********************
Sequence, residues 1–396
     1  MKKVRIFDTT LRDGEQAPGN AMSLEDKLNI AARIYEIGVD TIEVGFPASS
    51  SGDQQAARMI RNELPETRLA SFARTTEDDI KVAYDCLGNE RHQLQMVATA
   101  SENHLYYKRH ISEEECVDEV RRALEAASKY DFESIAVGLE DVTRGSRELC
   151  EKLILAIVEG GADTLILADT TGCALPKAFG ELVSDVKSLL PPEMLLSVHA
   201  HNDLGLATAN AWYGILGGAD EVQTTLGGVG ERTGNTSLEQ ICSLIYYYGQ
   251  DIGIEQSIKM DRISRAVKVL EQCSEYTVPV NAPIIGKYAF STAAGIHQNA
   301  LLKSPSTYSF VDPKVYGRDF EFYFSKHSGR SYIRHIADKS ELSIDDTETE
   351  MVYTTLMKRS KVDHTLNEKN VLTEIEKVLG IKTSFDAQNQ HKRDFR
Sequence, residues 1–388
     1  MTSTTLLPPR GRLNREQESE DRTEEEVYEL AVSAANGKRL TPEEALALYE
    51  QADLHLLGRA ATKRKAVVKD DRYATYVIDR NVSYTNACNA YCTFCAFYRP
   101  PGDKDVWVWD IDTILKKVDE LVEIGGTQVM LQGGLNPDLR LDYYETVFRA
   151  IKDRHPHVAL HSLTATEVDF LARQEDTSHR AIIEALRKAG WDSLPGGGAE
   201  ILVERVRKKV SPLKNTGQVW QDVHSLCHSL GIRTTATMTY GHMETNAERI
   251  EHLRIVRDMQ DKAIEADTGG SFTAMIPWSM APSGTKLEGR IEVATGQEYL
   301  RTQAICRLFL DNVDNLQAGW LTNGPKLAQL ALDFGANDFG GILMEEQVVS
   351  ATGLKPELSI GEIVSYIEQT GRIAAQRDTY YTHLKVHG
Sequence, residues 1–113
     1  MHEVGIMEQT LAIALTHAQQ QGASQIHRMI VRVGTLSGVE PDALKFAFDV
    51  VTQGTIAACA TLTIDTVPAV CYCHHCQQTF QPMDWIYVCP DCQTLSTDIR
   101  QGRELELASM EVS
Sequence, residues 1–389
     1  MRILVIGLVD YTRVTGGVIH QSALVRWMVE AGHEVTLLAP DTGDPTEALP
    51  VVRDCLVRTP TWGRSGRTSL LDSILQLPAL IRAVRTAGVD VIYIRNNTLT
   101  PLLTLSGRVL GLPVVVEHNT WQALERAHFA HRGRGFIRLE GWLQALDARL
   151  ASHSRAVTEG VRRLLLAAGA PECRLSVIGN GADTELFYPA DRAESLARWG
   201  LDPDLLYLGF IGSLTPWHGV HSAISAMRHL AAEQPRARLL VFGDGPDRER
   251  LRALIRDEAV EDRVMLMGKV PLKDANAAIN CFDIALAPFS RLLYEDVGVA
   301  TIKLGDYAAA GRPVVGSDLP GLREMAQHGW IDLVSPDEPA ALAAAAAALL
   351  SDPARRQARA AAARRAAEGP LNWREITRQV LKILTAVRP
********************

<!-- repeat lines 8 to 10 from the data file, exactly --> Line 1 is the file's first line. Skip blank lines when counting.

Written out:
   301  LLKSPSTYSF VDPKVYGRDF EFYFSKHSGR SYIRHIADKS ELSIDDTETE
   351  MVYTTLMKRS KVDHTLNEKN VLTEIEKVLG IKTSFDAQNQ HKRDFR
Sequence, residues 1–388